The fifth is sort of a perennial issue, but I think it’s going to be a bigger issue in the future and that is health care financing. There are three parts to this. The first is that there are increased costs for both the workforce and for supplies, and there has not been a concomitant increase in the payments that the health care system receives. Second, the Medicare trust fund doesn’t have sufficient money. There are concerns in the next decade that it will be bankrupt. So there will be a lot of pressure to reduce costs. And the third is funds flow: How do academic health centers continue to provide funds for education and research and for the community?

    We’ve been talking about the physician shortage for a long time, but during the pandemic, the shortage of nurses has gotten critical. What do you think are some of the solutions?

    Early in the pandemic there was a lot of pride in being a physician or a nurse, but as COVID has worn on for two years, there are some negative perceptions in nursing — not about the care that they provide but about the overall job. How do we make these jobs more tenable? How do we make it so that people don’t feel stressed, they feel adequately compensated, and they feel fulfilled in what they do?

    In many of our institutions for the last couple of decades, we have worked with an all-RN [registered nurse] nursing staff. We have not had LPNs [licensed practical nurses] or three-year nurses or anything other than degreed nurses. That had to do with quality of care and what they saw as the professionalism of nursing.

    But what we’re seeing is maybe going to a structure where the RN does the work that specifically requires a nursing degree and license, such as passing medication or assessing a patient, and then LPNs and nursing assistants and others do the bathing, the feeding, the other services that need to be provided. And I think the same thing will happen in other professions, with pharmacists and respiratory therapists. I think what we’re going to see is pyramiding within different job classes in order to get the job done.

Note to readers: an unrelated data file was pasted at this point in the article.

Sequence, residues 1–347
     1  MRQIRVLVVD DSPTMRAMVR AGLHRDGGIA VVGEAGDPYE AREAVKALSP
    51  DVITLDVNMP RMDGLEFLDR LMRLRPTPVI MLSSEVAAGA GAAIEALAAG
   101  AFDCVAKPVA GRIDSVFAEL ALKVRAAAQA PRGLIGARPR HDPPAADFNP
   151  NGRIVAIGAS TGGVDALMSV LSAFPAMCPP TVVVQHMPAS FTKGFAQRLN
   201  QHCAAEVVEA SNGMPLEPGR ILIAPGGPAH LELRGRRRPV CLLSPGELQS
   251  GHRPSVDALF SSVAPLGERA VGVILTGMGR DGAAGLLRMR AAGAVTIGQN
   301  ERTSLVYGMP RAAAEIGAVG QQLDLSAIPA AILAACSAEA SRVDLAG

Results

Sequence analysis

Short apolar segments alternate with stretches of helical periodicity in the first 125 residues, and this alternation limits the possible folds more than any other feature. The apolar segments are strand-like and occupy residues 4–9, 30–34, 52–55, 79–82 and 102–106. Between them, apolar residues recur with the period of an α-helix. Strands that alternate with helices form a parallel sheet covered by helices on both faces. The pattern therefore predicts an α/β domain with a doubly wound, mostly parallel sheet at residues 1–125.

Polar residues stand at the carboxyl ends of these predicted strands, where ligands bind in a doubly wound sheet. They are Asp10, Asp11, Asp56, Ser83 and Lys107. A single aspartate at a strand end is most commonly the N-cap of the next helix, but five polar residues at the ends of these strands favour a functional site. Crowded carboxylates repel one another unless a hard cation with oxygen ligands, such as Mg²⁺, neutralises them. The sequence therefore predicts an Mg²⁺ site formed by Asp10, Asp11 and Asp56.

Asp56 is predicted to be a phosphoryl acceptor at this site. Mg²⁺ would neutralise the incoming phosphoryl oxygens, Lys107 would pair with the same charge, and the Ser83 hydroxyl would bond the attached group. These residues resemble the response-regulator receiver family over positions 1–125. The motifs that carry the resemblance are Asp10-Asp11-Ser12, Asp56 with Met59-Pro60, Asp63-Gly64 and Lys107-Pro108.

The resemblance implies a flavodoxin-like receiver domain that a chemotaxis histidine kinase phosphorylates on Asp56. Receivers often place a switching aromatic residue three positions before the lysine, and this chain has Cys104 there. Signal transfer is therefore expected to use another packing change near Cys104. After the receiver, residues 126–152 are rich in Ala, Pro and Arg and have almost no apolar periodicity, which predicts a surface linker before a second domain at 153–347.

We saw a lot of travel nurses during the pandemic who were making more money by switching jobs, often within the same city. Is that going to settle out, and do you think that nurses are compensated fairly?

    The traveling nursing situation spiraled out of control and should have been stopped at some point. Certainly there was a need for travel nurses and being able to bring nurses to areas where there was a high intensity of patients with COVID. And what we did see is that the pandemic first started on the West Coast and more nurses were needed there. And then they went to New Jersey and New York, and the East Coast. So that kind of travel which sort of equaled out geographic needs, I think was fine. But at some point, people were able to get two times, three times their salary by leaving their institution and going across town.

    We were in the middle of COVID. There was a crisis going on. And people were leaving. What we do know is that care suffered because of that. Care is best in teams that work together for a long time and understand the collective principles of quality and team cooperation. So we did see a number of hospital-acquired infections and other in-hospital events go up, part of it as a result of COVID but also part of it because of staffing. I do believe that one of the things that we need to look at after the pandemic is, how you prevent the situations where the system is taken advantage of in regards to staffing.

    Do nurses need to be paid fairly? Absolutely. I mean, everyone needs to be paid fairly, there’s no doubt about it. But I think that nurses’ salaries in the United States are very healthy.

    What we know of teams and workers is compensation is important up to a certain point. And what people really are looking for is an institution or a place to work where they feel that they are valued, where they have team members who they trust and who they can count on, where they feel that there’s a good esprit de corps, where their outcomes are excellent, and where their benefits are good. Bottom line is that they want to be valued.

    We need to look at all those elements and say, how do we build a workforce that is in it for the long haul, and in it for good quality? Having the right culture is what gets nurses, gets respiratory therapists, gets people to come and stay with your institution. So there needs to be a lot of work about rebuilding our culture.

    Do you think that the pandemic will accelerate any needed reforms in academic medicine? Telemedicine is one example – it increased dramatically during COVID-19, thanks to changes in how providers were able to provide care and be compensated for it.